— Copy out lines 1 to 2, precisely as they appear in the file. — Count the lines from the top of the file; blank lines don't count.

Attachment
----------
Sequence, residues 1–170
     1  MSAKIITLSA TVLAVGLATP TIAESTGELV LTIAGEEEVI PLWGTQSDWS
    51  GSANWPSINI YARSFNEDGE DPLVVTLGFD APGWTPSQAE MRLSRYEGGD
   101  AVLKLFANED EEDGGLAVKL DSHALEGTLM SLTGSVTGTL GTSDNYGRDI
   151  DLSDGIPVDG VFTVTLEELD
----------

Sequence, residues 1–170
     1  MSAKIITLSA TVLAVGLATP TIAESTGELV LTIAGEEEVI PLWGTQSDWS